This just reaffirms my intuition that Philly is the sandwich capital of America and possibly the world. Such quality AND quantity.

                1. re: tzanghi

                  So what is the sandwich capital of Philly? I'd say Paesano's.

                  1. re: Buckethead

                    Johns Roast Pork might be the other.........

                  2. re: tzanghi

                    Ever try Camelia Grill?

                    1. re: bluehensfan

                      To Buckethead: I'd say South Philly. If I must be more specific, then I agree about Paesano's. My favorite two sandwiches in the city are both there.

                      To Bluehensfan: I have not. I could go on all day about NOLA food, but I have not tried Camelia Grill. Any good?

                      1. re: tzanghi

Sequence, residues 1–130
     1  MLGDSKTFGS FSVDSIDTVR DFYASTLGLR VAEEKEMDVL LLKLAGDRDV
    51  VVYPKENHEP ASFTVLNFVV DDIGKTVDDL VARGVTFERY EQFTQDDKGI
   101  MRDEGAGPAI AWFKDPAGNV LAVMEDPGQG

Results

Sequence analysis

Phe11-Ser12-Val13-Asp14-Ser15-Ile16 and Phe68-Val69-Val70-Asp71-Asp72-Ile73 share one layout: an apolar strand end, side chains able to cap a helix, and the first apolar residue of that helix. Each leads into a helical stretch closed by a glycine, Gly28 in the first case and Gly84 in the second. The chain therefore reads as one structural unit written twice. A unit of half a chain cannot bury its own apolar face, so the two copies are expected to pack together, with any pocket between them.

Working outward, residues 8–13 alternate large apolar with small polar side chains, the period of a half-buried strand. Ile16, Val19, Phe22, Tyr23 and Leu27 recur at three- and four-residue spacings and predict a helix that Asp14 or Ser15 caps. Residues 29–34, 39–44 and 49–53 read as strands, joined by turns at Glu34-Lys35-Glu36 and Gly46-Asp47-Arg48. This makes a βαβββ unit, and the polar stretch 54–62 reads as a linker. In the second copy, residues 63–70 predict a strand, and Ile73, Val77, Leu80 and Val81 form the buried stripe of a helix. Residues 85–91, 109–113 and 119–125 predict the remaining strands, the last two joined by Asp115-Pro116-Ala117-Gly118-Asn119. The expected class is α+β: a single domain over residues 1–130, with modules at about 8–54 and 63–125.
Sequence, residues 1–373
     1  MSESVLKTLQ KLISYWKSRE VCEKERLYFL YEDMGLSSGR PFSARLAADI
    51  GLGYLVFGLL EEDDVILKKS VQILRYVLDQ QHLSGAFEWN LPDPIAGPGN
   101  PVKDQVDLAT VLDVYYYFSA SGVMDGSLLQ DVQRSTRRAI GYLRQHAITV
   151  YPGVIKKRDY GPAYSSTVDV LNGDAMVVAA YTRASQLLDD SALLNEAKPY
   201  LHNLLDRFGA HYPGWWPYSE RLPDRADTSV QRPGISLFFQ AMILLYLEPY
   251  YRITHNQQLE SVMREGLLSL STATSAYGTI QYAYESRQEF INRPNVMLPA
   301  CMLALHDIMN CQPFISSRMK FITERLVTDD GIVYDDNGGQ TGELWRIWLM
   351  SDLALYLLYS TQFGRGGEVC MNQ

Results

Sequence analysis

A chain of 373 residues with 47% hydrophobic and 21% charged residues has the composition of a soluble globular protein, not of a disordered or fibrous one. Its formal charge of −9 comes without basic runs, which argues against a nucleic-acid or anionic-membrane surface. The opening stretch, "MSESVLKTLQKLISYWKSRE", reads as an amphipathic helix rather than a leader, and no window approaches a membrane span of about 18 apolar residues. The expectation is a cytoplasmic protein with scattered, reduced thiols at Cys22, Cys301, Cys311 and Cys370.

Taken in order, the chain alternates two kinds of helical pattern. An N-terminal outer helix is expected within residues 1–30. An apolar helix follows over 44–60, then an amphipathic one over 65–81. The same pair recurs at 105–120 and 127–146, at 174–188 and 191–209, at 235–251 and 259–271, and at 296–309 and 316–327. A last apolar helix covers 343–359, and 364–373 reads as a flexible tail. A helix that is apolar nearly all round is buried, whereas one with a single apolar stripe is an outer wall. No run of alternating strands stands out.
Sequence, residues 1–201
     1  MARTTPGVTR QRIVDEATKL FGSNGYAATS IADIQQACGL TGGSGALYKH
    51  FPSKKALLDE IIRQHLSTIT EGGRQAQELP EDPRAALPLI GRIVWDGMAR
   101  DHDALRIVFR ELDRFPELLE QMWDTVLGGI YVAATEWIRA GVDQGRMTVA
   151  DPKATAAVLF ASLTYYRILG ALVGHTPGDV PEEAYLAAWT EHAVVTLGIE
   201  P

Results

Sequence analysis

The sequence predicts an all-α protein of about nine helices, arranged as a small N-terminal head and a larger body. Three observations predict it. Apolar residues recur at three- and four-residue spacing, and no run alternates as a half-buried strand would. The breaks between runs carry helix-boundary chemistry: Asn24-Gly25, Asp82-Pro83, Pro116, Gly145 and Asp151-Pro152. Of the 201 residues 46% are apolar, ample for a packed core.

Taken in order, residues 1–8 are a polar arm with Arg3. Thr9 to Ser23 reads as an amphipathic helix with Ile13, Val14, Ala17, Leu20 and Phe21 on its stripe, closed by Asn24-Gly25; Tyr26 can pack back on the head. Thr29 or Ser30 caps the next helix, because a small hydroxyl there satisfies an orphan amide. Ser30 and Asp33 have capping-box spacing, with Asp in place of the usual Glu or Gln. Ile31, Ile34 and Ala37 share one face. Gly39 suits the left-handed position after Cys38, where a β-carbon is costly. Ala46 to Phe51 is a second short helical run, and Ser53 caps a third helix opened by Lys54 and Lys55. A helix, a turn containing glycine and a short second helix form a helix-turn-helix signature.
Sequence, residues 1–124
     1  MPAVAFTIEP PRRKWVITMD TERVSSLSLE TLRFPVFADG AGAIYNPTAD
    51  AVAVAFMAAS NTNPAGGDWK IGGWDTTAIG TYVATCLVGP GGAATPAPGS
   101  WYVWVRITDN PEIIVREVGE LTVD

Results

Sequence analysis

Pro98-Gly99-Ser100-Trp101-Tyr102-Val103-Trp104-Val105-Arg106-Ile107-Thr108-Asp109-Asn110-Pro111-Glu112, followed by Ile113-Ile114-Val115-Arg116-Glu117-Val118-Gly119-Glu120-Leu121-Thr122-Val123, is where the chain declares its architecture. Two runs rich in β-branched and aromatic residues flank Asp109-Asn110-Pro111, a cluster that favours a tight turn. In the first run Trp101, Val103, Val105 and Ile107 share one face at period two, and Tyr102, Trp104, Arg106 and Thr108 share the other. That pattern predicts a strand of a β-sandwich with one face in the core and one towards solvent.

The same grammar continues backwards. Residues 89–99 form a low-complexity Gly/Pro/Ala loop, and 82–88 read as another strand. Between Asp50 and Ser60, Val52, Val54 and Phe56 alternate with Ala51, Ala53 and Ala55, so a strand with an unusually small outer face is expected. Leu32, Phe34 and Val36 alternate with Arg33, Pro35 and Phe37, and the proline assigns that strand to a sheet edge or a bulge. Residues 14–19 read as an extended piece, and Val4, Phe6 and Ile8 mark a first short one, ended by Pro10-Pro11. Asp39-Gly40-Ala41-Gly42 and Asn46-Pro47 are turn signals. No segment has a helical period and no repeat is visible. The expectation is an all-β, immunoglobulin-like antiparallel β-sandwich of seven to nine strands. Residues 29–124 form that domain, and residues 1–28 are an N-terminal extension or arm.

Pre-Katrina it was. My uncle and then my cousin owned it. Great burgers, omelettes, and pecan pie. After Katrina went through they sold the place to a friend of Emeril and never returned to NOLA. I heard that since he took over it's gotten greasier and is not what it used to be. Oh well...at least there is always Mother's.

            3. a friend and I are meeting up at Village Wiskey on Saturday. Can't wait!

              15 Replies
              1. re: jujuthomas

                Get the Village Burger, not the Whiskey King (the one mentioned in the Yahoo article).

                1. re: Buckethead

                  Wny do you suggest that Buckethead?

                  1. re: cwdonald

                    The beef patty they've created at VW is great, the Village Burger only has a few minimal toppings and really lets you taste the beef. The Whiskey King piles it high with lots of ingredients with big flavors that overwhelm it (blue cheese, bacon, caramelized onions).

                    ETA: Also, it's $26 for the Whiskey King vs. $11 for the Village Burger.